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River Café Easy by Rose Gray & Ruth Rogers

In River Café Easy, Rose Gray and Ruth Rogers pioneered a new approach to cooking and eating. Taking account of frenetic lifestyles, they set out to dispel the notion that stylish and healthy food meant spending hours in the kitchen. Recognising that access to ingredients is key to quick cooking, these straightforward recipes highlight the fresh produce you will need to shop for as well as the ingredients that are store-cupboard essentials. Our favourite recipes in the book include pappardelle with pancetta and tomato; and crab linguini. Look out for 2005 follow-up River Café Two Easy – its rigatoni, tomato, beef and red wine is a timeless crowd pleaser.
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Roast Chicken & Other Stories by Simon Hopkinson

First published in the 90s, Roast Chicken and Other Stories is a timeless insight into former Bibendum head chef Simon Hopkinson's style of unpretentious cooking, featuring 160 of his favourite recipes. The book is divided into 40 chapters, each one zooming in on an everyday ingredient such as potatoes, chicken, cod and asparagus. Unable to hide his great love of food, Simon writes about why he likes each particular ingredient, and gives sensible advice on quality, variety and good cooking principles together with the recipes. Despite his Michelin credentials, this one’s aimed at home cooks and the recipes can be followed by anyone with basic cooking skills. From grilled aubergine with pesto to roast chicken and homemade ice-cream, Simon’s food is honest and inviting, designed to please rather than impress.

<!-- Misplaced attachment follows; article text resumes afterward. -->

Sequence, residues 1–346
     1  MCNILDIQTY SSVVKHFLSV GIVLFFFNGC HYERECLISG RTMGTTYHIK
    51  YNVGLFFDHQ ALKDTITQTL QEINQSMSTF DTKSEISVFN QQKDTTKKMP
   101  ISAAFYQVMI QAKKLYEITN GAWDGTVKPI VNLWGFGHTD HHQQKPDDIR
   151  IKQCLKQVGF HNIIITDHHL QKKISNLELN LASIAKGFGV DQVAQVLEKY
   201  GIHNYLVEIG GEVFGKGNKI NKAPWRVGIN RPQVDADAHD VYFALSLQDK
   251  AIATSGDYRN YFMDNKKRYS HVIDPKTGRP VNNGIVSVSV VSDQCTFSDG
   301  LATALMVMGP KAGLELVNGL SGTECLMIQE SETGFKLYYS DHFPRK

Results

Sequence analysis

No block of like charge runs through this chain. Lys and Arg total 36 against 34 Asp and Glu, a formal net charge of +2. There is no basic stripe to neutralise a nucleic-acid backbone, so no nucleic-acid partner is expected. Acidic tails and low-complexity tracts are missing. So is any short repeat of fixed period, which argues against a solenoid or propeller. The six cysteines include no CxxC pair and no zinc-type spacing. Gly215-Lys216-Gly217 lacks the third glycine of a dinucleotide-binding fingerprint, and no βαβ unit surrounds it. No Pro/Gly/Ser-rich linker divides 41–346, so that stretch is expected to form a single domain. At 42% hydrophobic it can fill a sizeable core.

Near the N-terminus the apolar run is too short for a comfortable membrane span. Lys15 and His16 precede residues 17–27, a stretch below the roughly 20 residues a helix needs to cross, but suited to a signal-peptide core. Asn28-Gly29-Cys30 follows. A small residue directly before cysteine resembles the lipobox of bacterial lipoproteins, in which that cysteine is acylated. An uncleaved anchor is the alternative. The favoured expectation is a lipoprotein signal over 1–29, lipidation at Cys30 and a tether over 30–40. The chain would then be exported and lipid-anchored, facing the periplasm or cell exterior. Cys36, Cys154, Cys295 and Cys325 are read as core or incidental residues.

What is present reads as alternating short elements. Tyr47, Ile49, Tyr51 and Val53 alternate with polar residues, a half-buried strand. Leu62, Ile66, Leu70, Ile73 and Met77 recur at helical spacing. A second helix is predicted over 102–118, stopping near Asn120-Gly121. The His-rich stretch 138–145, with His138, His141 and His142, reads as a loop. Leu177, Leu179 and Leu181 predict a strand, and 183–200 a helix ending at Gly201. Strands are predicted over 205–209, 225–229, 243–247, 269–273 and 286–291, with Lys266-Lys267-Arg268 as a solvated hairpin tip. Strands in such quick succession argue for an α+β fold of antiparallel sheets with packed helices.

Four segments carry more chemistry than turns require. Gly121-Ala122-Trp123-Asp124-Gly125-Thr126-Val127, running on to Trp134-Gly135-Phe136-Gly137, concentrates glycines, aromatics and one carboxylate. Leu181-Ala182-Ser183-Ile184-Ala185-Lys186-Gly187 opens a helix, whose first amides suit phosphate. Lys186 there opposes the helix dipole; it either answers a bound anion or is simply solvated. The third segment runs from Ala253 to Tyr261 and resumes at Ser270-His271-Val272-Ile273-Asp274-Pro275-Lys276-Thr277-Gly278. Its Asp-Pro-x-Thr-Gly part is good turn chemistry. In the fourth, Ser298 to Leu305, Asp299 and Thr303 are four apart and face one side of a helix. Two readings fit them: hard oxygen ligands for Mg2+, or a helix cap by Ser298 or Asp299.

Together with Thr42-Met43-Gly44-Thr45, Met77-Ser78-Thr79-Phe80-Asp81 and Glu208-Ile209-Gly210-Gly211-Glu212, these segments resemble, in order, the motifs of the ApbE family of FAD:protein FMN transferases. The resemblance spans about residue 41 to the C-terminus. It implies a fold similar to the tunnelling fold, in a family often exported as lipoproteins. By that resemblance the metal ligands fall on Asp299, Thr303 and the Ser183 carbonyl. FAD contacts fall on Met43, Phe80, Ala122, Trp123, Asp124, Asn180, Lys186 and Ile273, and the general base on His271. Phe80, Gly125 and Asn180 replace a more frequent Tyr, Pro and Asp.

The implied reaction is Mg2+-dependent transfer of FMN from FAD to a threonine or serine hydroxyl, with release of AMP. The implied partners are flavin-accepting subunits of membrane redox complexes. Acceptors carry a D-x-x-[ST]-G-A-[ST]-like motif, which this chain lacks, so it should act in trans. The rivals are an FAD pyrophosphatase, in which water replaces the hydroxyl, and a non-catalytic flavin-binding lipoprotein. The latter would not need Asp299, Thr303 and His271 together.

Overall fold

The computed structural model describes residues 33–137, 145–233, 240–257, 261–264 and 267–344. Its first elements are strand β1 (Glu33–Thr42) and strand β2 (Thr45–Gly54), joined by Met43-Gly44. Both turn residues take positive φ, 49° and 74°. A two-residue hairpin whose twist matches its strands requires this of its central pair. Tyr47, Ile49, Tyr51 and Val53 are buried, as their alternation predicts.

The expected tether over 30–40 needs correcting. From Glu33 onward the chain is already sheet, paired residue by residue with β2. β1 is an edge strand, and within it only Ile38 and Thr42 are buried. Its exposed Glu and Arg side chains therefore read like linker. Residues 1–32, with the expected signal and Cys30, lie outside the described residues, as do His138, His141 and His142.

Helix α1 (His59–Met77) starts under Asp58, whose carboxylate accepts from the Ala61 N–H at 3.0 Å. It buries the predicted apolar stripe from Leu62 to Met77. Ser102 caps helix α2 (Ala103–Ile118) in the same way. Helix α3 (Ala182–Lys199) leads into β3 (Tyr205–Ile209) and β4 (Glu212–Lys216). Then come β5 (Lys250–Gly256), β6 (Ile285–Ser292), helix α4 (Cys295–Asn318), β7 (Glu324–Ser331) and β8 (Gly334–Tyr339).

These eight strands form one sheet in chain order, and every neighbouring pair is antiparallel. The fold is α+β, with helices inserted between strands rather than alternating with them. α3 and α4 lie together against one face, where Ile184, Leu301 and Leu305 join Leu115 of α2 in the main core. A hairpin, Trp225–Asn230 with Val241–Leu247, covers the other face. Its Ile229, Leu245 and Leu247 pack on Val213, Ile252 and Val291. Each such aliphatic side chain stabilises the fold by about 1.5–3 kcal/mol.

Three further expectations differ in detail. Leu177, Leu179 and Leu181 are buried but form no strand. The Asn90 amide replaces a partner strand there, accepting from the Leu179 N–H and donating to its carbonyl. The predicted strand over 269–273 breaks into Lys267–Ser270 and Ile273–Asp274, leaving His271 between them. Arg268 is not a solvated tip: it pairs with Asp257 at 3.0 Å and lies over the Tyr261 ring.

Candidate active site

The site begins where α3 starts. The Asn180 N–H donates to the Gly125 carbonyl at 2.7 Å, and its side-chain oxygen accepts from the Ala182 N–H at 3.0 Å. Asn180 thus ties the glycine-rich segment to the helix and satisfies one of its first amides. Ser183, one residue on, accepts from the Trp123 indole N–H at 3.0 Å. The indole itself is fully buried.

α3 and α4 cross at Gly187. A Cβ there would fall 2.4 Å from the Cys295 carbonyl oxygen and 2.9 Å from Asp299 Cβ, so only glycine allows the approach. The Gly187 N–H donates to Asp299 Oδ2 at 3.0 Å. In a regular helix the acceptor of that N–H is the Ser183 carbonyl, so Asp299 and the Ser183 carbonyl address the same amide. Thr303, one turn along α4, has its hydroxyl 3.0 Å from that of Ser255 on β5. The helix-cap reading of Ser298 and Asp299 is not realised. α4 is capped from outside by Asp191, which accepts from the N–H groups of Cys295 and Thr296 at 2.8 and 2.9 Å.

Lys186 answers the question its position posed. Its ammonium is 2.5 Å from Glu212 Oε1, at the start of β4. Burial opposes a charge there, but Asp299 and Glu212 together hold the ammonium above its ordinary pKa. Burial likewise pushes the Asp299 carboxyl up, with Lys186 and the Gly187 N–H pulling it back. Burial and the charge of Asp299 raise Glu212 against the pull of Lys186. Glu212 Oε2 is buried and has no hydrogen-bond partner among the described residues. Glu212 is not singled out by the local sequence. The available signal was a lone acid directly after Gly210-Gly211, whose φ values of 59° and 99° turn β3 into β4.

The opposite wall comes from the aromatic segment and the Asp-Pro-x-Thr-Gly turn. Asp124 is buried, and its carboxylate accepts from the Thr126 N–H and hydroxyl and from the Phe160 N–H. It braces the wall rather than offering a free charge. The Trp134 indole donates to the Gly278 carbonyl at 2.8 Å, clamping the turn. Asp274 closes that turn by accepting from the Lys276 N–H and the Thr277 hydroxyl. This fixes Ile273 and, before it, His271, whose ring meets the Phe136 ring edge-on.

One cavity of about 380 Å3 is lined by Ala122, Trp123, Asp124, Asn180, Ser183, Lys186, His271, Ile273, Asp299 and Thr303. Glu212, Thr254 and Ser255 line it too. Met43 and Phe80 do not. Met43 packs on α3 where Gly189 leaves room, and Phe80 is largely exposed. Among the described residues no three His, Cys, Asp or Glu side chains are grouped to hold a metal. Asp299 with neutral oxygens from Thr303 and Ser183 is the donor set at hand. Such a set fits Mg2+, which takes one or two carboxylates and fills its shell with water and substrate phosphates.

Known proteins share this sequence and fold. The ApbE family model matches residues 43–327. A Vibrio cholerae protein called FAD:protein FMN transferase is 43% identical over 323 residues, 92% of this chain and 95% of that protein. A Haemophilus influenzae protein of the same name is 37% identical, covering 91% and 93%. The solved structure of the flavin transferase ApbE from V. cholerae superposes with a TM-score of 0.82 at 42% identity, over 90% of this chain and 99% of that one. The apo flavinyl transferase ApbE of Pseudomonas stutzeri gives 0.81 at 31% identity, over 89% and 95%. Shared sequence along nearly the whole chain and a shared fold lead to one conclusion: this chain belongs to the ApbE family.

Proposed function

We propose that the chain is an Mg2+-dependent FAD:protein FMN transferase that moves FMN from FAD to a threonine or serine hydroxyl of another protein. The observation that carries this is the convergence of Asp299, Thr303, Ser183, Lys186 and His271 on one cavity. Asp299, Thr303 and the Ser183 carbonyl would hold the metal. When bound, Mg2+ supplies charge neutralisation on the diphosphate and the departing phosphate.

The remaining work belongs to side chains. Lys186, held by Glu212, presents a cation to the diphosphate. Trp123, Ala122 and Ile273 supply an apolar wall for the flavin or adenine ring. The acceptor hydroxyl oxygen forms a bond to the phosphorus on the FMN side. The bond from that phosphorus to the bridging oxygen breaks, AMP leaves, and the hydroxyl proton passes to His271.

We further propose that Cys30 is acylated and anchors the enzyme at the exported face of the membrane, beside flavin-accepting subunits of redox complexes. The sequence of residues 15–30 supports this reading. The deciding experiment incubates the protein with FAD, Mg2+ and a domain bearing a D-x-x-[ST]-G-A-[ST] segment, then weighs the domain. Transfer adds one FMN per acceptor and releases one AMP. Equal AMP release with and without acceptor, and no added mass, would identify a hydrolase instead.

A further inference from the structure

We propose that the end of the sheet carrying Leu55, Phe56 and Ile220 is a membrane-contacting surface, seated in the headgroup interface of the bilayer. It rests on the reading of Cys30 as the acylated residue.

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Salt, Fat, Acid, Heat by Samin Nosrat

Anyone who took notice of Samin Nosrat’s Netflix show of the same name will enjoy her first cookbook. While cooking at acclaimed California restaurant Chez Panisse at the start of her career, Samin noticed that amid the chaos of the kitchen there were four key principles that her fellow chefs always fell back on to make their food better: salt, fat, acid and heat. By mastering these four variables, Samin found the confidence to trust her instincts in the kitchen and cook delicious meals with any ingredients. Armed with this simple but revolutionary method, she has led masterclasses to give both professionals and amateurs the skills to cook instinctively. Whether you want to balance your vinaigrette, perfectly caramelise your roasted vegetables or braise meltingly tender stews, Samin's canon of 100 essential recipes (and their dozens of variations) will teach you how.